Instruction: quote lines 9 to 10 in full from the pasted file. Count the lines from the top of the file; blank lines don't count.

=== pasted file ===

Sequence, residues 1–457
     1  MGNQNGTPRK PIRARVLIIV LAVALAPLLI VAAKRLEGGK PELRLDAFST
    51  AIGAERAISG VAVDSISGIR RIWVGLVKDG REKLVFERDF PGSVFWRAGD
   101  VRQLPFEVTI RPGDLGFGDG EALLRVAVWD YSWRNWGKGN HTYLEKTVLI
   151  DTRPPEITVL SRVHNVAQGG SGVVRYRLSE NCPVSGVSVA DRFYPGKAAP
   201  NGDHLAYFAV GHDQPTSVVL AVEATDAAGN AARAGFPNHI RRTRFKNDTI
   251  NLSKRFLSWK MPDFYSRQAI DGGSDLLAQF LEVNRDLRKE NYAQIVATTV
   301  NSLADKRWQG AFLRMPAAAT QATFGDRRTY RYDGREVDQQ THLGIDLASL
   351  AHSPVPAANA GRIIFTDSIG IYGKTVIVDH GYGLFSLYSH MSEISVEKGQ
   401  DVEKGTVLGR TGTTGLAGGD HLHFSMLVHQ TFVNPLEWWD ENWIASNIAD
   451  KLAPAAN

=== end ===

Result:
   351  AHSPVPAANA GRIIFTDSIG IYGKTVIVDH GYGLFSLYSH MSEISVEKGQ
   401  DVEKGTVLGR TGTTGLAGGD HLHFSMLVHQ TFVNPLEWWD ENWIASNIAD